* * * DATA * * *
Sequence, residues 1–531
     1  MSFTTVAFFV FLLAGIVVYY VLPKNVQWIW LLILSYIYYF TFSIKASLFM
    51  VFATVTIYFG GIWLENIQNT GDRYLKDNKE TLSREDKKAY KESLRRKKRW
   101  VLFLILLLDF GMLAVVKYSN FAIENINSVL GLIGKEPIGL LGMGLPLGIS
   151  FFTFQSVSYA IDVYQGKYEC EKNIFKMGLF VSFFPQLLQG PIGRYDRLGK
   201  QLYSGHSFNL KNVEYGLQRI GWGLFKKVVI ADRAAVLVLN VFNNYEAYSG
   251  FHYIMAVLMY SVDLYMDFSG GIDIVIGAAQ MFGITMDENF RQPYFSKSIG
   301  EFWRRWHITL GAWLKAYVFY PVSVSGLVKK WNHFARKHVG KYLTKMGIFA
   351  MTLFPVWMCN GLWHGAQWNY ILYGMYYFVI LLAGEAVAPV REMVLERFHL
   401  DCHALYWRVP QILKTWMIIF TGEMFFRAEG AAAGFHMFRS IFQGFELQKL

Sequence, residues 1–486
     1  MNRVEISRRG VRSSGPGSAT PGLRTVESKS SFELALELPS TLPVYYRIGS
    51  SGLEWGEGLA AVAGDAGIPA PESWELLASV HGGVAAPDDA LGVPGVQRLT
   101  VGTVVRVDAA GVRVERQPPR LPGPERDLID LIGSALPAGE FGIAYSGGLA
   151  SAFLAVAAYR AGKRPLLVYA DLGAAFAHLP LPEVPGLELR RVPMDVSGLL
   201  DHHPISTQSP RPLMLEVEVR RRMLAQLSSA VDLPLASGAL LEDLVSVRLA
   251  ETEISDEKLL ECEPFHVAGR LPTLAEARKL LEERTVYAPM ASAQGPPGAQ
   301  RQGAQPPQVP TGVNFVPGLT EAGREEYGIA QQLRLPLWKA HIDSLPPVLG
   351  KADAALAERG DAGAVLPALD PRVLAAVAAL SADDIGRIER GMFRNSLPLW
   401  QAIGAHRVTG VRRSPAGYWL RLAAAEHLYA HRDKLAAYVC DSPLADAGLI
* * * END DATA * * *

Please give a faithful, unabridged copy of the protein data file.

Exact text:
Sequence, residues 1–531
     1  MSFTTVAFFV FLLAGIVVYY VLPKNVQWIW LLILSYIYYF TFSIKASLFM
    51  VFATVTIYFG GIWLENIQNT GDRYLKDNKE TLSREDKKAY KESLRRKKRW
   101  VLFLILLLDF GMLAVVKYSN FAIENINSVL GLIGKEPIGL LGMGLPLGIS
   151  FFTFQSVSYA IDVYQGKYEC EKNIFKMGLF VSFFPQLLQG PIGRYDRLGK
   201  QLYSGHSFNL KNVEYGLQRI GWGLFKKVVI ADRAAVLVLN VFNNYEAYSG
   251  FHYIMAVLMY SVDLYMDFSG GIDIVIGAAQ MFGITMDENF RQPYFSKSIG
   301  EFWRRWHITL GAWLKAYVFY PVSVSGLVKK WNHFARKHVG KYLTKMGIFA
   351  MTLFPVWMCN GLWHGAQWNY ILYGMYYFVI LLAGEAVAPV REMVLERFHL
   401  DCHALYWRVP QILKTWMIIF TGEMFFRAEG AAAGFHMFRS IFQGFELQKL

Sequence, residues 1–486
     1  MNRVEISRRG VRSSGPGSAT PGLRTVESKS SFELALELPS TLPVYYRIGS
    51  SGLEWGEGLA AVAGDAGIPA PESWELLASV HGGVAAPDDA LGVPGVQRLT
   101  VGTVVRVDAA GVRVERQPPR LPGPERDLID LIGSALPAGE FGIAYSGGLA
   151  SAFLAVAAYR AGKRPLLVYA DLGAAFAHLP LPEVPGLELR RVPMDVSGLL
   201  DHHPISTQSP RPLMLEVEVR RRMLAQLSSA VDLPLASGAL LEDLVSVRLA
   251  ETEISDEKLL ECEPFHVAGR LPTLAEARKL LEERTVYAPM ASAQGPPGAQ
   301  RQGAQPPQVP TGVNFVPGLT EAGREEYGIA QQLRLPLWKA HIDSLPPVLG
   351  KADAALAERG DAGAVLPALD PRVLAAVAAL SADDIGRIER GMFRNSLPLW
   401  QAIGAHRVTG VRRSPAGYWL RLAAAEHLYA HRDKLAAYVC DSPLADAGLI